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1993 North Sea Festival, Milt ''Judge'' Hinton admiring Stafford's Viennese Bow.

I would work from 06h00 - 14h00. I started to study at Marymount College and at the Mannes College of Music. I studied acoustics as well as studying the contrabass with Mr. Julius Levine. Studying with Julius Levine gave me another insight into how, for example, I began to approach the music with much more emphasis on my stroke and tone. My concentration, in repertoire, was Vivaldi Sonatas, Bach, Handel and of course Orchestral works.
I discovered the American contrabassist Gary Karr in this period. In particular, I liked his version of Maurice Ravel's "Piece en forme de Habanera". I still admire Gary Karr's tremolo.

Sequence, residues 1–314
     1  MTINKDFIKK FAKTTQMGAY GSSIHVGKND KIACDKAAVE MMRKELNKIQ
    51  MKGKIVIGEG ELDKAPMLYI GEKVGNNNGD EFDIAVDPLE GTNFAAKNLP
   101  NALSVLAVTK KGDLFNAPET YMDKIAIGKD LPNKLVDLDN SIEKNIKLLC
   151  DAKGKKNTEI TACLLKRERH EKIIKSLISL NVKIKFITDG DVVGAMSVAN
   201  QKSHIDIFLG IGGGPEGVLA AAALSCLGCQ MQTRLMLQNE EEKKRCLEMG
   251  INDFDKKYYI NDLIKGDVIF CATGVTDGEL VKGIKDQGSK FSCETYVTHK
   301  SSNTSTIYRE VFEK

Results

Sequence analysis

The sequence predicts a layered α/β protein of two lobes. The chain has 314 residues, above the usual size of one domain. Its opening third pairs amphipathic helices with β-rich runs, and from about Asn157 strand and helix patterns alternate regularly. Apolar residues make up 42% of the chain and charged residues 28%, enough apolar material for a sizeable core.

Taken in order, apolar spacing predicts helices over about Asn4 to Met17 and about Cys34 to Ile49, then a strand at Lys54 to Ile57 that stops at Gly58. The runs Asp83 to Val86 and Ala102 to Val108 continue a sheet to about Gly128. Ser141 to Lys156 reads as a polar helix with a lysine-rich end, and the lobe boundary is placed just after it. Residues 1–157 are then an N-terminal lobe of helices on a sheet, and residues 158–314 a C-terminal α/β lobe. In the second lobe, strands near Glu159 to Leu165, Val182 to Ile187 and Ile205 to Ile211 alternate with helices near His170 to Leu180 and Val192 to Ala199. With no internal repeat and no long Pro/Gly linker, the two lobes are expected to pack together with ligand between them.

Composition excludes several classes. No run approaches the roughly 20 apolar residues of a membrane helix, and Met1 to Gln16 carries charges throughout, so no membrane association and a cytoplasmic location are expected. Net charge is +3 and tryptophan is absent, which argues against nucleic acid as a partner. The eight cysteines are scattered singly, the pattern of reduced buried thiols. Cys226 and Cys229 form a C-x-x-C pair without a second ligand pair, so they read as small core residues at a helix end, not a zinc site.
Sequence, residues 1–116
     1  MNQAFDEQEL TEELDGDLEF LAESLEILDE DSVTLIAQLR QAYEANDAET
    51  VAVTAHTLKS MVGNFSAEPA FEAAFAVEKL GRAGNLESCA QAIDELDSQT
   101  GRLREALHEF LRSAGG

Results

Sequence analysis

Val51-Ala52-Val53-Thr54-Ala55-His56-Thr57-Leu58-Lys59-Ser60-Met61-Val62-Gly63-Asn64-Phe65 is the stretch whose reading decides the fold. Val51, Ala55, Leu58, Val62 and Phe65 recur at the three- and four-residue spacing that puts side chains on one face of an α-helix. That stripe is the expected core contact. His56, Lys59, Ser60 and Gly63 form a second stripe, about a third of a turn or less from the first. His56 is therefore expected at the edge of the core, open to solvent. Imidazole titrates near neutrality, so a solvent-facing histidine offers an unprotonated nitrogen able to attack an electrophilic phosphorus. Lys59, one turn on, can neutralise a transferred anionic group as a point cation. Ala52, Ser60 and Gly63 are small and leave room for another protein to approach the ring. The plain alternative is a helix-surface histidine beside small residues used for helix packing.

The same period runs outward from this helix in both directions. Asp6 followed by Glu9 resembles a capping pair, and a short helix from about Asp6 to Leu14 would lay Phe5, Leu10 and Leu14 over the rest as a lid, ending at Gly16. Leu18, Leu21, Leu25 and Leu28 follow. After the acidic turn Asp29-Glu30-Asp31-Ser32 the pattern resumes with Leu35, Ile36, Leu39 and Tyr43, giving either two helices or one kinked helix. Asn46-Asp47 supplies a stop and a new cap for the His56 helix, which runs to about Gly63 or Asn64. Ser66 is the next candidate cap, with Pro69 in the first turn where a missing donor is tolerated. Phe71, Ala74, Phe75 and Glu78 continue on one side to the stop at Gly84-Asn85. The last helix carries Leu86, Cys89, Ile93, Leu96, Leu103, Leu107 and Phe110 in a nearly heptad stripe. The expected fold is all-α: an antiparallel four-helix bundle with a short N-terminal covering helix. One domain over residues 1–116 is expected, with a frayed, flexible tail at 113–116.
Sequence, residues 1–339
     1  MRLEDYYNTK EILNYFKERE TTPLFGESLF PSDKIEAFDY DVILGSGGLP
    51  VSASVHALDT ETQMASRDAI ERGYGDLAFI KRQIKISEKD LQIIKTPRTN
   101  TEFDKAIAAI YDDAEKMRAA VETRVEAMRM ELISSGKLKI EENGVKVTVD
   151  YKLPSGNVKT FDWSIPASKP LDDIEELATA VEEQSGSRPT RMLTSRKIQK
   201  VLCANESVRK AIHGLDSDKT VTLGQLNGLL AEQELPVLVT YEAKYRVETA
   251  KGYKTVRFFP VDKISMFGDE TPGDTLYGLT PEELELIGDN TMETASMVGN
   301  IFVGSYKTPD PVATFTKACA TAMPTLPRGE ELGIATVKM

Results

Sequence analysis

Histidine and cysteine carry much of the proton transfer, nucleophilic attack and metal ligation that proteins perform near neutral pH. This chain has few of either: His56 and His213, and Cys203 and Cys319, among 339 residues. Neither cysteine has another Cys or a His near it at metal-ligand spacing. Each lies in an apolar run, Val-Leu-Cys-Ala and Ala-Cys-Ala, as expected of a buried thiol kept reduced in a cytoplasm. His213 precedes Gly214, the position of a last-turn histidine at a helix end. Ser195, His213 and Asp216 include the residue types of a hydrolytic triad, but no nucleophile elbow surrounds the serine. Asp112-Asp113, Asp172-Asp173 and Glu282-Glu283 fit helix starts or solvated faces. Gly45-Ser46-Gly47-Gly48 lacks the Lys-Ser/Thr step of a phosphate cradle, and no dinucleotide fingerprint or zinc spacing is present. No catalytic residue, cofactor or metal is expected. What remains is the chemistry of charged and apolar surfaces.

He has great control.
One must remember that in this period, to buy
a set of strings was an experience in itself because "steel" strings were just beginning to come into vogue. A contrabass player had to buy his strings by "gage."
I played "gut" strings on the D and G strings
and "rapped" strings on the E and A. Therefore one had to really pay attention to each register of the instrument and Julius Levine helped me immensely in this regard. The problem was that the "gut" strings became harder and harder to find so I finally had to make the switch to steel.

 

I enjoyed the original Mannes very much. It was a Georgean House on East 74th Street between Lexington and Third Avenue. It was painted white and had beautiful pillars. I also studied percussion and dictation with Norman Grossman at Mannes as well as played
in the school orchestra.